Global News Journal

Beyond the World news headlines

from Africa News blog:

Should West back Zimbabwe’s government?

The United Nations has joined Zimbabwe’s power-sharing government in appealing for more than $700 million in humanitarian aid for the ruined country.

But while Western countries may show willing when it comes to emergency aid, they are still reluctant to give money to the government between President Robert Mugabe and Prime Minister Morgan Tsvangirai, his old rival.

First, they say, there must be broader political reforms and a clearer demonstration of respect for human rights.

The Western countries have long been at odds with Mugabe, accusing him of ruining Zimbabwe after the seizure of white-owned farms, of widespread human rights abuses and of making a mockery of elections last year that were widely condemned outside Zimbabwe.

from Africa News blog:

Will Bashir warrant worsen war?

Sudan’s President Omar Hassan al-Bashir has seen off other challenges in almost 20 years in power and there is no sign that he is going to give in to the arrest warrant issued by the International Criminal Court for war crimes and crimes against humanity in Darfur.

Some supporters of the court's move hope it will eventually persuade Sudan's politicians to hand over their leader in a palace coup, end the festering conflict in Darfur and do more to repair relations with the West.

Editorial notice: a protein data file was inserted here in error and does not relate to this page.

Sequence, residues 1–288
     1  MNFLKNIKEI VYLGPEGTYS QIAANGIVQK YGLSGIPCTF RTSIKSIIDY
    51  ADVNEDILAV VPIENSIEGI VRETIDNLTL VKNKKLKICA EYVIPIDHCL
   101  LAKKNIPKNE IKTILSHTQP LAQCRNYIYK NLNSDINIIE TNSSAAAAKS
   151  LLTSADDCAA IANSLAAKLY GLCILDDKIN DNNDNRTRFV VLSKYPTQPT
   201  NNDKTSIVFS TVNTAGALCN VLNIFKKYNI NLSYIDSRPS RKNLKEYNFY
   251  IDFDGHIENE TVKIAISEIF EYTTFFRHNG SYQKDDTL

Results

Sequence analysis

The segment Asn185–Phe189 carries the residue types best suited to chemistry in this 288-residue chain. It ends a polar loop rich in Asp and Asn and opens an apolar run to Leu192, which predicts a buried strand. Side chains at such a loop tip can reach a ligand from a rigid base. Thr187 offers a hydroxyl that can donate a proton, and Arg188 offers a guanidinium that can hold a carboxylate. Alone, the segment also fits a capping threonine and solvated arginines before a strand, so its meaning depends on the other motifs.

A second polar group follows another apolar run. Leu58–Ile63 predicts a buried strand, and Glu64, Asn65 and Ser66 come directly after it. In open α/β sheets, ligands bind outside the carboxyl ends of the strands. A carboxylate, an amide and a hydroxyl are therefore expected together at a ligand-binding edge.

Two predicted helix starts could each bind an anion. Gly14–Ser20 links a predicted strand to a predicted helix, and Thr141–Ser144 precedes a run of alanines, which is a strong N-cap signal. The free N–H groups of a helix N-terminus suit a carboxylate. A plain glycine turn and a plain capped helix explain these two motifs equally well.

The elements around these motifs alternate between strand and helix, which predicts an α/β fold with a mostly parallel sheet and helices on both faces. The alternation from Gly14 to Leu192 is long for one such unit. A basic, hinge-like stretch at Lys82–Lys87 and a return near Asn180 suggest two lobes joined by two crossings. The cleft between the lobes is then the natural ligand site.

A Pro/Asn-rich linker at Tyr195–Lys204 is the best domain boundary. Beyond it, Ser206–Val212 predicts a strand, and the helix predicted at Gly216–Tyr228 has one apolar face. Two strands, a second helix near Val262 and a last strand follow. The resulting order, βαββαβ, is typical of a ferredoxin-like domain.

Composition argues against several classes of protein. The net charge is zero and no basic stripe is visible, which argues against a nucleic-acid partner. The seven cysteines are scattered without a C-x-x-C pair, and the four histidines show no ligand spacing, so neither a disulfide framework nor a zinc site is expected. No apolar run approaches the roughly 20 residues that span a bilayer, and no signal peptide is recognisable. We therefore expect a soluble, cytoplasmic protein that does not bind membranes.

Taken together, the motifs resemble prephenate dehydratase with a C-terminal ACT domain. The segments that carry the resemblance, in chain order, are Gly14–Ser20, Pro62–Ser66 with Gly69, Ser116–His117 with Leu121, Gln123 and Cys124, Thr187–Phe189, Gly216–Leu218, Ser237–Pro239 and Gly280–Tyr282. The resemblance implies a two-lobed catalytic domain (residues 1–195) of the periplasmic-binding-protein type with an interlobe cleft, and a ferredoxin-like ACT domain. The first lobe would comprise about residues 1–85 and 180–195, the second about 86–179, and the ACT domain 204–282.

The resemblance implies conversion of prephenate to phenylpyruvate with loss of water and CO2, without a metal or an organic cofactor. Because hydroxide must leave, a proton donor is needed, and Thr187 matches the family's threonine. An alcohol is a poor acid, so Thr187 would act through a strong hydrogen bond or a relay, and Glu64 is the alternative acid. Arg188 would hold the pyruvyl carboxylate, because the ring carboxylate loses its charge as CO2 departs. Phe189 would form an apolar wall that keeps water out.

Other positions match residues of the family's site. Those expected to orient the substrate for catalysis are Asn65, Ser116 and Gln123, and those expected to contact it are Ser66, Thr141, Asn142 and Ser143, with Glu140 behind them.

from Africa News blog:

Time to stop aid for Africa? An argument against

Earlier this month, Zambian economist Dambisa Moyo argued that Africa needs Western countries to cut long term aid that has brought dependency, distorted economies and fuelled bureaucracy and corruption. The comments on the blog posting suggested that many readers agreed. In a response, Savio Carvalho, Uganda country director for aid agency Oxfam GB, says that aid can help the continent escape poverty - if done in the right way:

In early January, I travelled to war-ravaged northern Uganda to a dusty village in Pobura and Kal parish in Kitgum District. We were there to see the completion of a 16km dirt road constructed by the community with support from Oxfam under an EU-funded programme.

from Africa News blog:

Tale of an African whistleblower

A new book on corruption in Kenya is considered so explosive there that copies are only being sold under the counter in Nairobi by some book sellers too nervous to display them openly.

"Within these pages, we stand eyeball to eyeball with corruption. The book is an ironclad tell-all that mercilessly bares all to the light," said the local Sunday Nation newspaper in a review of Michela Wrong's book. "It feels dangerous to just read, let alone write."

from Africa News blog:

Somalia’s new chance

How times change. Somalia’s new Islamist president has been feted in Ethiopia, whose army drove him from power two years ago - with Washington’s backing - when he headed a sharia courts movement.

Sheikh Sharif Ahmed was greeted with a standing ovation from African Union leaders at a summit in Ethiopia, which pulled the last of its troops out of Somalia last month, leaving the government in control of little beyond parts of Mogadishu. The hardline Islamist al Shabaab militia control much of the rest of southern Somalia.

New world shapes up off Somalia